With apologies to Cole Porter

This is what happens when you have hours of insomnia to while away:

You’re the top,
You’re a Bach partita,
You’re the top,
You’re Cinecitta,
You’re the pleasing quails in the ghostly tales of James,
You’re Messi’s verve, you’re Federer’s serve, you’re Hunger Games!

You’re the Wiz,
You’re the vaccine Pfizer,
You’re the fizz
Of a can of Tizer,
You’re the zest and zing when Beatles sing “Get Back”,
You’re Billy Bones, you’re Indy Jones, you’re Armagnac!

You’re the best,
You’re the flower bed border,
You’re the rest
That the doctors order,
I’m out of rhymes, and so, betimes, must stop,
But if baby, I’m the bottom, you’re the top!

9 responses to this post.

  1. Bravo!

    I wish my occasional insomnia was so productive.

    However, inspired by this, a lockdown lament as a version of Rodgers and Hart rather than Porter. Apologies to the citizens of Louth; a pleasant town the name of which just happens to fit. (Some of the longer lines don’t scan properly but can be sung to fit the tune perfectly well.)

    The crowded towns,
    The angry frowns
    Of people in a rush to spend their pounds
    Accompanied by urban intrusive sounds;
    I wish I were in Louth again.

    And office work
    Where the only perk
    Is missing a meeting with the office jerk
    Who thinks that farting loudly’s an amusing quirk;
    I wish I were in Louth again.

    No more pain,
    No more strain,
    Now I’m sane
    I would rather be gaga.

    Now, lockdown, sir,
    It makes us grrrrrr,
    And if you tell me otherwise I’ll loud demur,
    I’ve learned my lesson and I wish I were
    In Louth again!

    Reply

    • Brilliant! Have you done more of these?

      The scanning seemed fine to me. The occasional little liberties are no more than what the songwriters themselves do, and can easily be accommodated by adding (or removing) the occasional grace note. But it is particularly rewarding trying to do pastiches of the Great American Songbook because that wonderful generation of songwriters were so scrupulous with their scanning (a few grace notes apart), and with their rhyming pattens.

      Reply

      • Glad it’s as you like it, Himadri! No, I don’t think I’ve written words to pre-existing tunes before (but doing so seems fun). In Hart’s original the longer lines are (sort of) pentameters, whereas several of mine stretch to hexameters; they fit the tune well enough, though. I say ‘sort of’ because although they’ve got ten syllables, what they really are are tetrameters with a couple of unstressed syllables bang in the middle. This is obviously quite deliberate, and is echoed in the music. The first two lines are dimeters = one bar each, the next two tetrameters = two bars each. (Sondheim calls Hart ‘sloppy’ and ‘lazy’, and if anyone is entitled to judge him he is, but this particular song at least seems to me perfectly well crafted.)

        Hart sets himself quite a tricky task in having to find three rhymes for ‘were’ per chorus, which isn’t the easiest word to rhyme intelligently (as I’ve just found out!). He uses fur/cur/her in the first chorus, and sir/prefer/her in the second (I suppose, if we’re being picky, repeating ‘her’ is a bit lazy, but I can forgive someone who can write ‘The faint aroma of performing seals’ almost anything).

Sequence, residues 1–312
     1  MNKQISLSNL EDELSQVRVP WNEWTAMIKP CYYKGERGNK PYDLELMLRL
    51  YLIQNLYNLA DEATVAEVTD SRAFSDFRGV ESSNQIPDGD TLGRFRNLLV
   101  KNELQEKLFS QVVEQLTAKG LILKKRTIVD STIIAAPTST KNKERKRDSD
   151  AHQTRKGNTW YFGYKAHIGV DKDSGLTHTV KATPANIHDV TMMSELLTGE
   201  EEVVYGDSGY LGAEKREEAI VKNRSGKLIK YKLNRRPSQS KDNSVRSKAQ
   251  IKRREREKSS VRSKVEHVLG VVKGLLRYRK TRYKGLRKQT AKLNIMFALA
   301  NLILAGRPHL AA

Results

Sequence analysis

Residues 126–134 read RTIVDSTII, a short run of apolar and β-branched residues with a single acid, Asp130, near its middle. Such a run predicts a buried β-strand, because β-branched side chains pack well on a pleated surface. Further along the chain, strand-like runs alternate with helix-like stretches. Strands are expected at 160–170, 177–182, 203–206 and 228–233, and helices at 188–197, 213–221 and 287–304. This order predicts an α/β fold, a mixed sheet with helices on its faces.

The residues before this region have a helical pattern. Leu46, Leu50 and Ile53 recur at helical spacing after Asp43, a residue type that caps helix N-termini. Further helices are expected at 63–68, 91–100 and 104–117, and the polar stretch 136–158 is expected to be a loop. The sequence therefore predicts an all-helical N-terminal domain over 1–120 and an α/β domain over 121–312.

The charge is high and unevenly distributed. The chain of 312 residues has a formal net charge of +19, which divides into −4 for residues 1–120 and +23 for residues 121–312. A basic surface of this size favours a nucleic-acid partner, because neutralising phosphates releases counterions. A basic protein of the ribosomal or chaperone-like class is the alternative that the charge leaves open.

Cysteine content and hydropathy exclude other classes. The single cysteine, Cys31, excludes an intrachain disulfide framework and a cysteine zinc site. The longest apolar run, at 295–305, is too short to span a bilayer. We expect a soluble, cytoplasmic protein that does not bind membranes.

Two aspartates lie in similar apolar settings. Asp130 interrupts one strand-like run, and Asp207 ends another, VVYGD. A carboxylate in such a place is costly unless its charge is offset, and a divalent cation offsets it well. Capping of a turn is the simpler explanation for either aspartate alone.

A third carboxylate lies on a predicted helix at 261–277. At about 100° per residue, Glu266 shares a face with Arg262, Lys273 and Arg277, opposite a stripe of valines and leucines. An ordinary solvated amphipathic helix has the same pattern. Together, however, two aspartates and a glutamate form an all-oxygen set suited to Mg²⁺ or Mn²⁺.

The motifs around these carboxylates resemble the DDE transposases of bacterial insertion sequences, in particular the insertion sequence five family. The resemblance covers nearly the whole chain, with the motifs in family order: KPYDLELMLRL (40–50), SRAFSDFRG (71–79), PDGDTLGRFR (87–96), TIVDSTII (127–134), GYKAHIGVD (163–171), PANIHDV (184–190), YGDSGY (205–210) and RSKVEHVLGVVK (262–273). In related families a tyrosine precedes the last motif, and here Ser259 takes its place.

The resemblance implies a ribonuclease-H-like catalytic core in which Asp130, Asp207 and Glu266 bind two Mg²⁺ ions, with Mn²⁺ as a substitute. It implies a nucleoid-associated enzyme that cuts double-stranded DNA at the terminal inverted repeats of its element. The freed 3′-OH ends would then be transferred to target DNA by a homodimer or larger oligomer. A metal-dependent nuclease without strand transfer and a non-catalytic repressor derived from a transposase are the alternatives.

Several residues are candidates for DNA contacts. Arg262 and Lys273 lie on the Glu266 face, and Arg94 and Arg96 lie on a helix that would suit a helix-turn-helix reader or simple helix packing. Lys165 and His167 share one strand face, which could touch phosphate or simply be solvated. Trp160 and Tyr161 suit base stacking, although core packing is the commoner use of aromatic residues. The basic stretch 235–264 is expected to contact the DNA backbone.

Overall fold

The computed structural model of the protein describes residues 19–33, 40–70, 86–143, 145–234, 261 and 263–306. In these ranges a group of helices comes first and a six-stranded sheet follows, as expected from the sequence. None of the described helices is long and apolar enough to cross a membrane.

Anyway, here’s another 32 bars worth:

        It’s the hectic pace
        Of the human race
        That makes them trespass on your personal space;
        They’re always on your back and always in your face –
        I wish I were in Louth again.

        The constant noise
        Destroys your poise,
        The traffic fumes and snarls, and who enjoys
        The drivers revving up their big boys’ toys –
        I wish I were in Louth again.

        Give a cheer,
        No more fear,
        My mind is clear,
        But I’d rather be bananas.

        You might infer
        That I prefer
        To live my life with neither shake nor stir,
        But I don’t like quiet and I wish I were
        In Louth again!

        Perhaps I should apply for a job with the Lincolnshire Tourism Board:

        Birds do it, bees do it,
        Even educated fleas do it,
        Let’s do it, let’s live in Louth.

      • I listened to that song again (I had only retained vague memories of it) and yes, I can see what you mean.
        The songwriters of that generation were very scrupulous in being metrically correct, and often used a wide range of scanning patterns. This is particularly true of Cole Porter, who seemed to go out of his way to set himself both complex scanning and rhyming patterns. It really was a quite terrific generation of songwriters.

  2. Posted by Janet on February 25, 2021 at 6:24 pm

    Ha! Needed that!

    Reply

  3. Posted by animatomdobbiegmailcom on February 25, 2021 at 11:10 pm

    If i ever had a case of insomnia as bad as this, Id return it and ask for my money back

    Reply

  4. Posted by alan on February 27, 2021 at 7:11 pm

    I hope you addressed it to your wife and got a suitable reaction.
    A true poet.

    Reply

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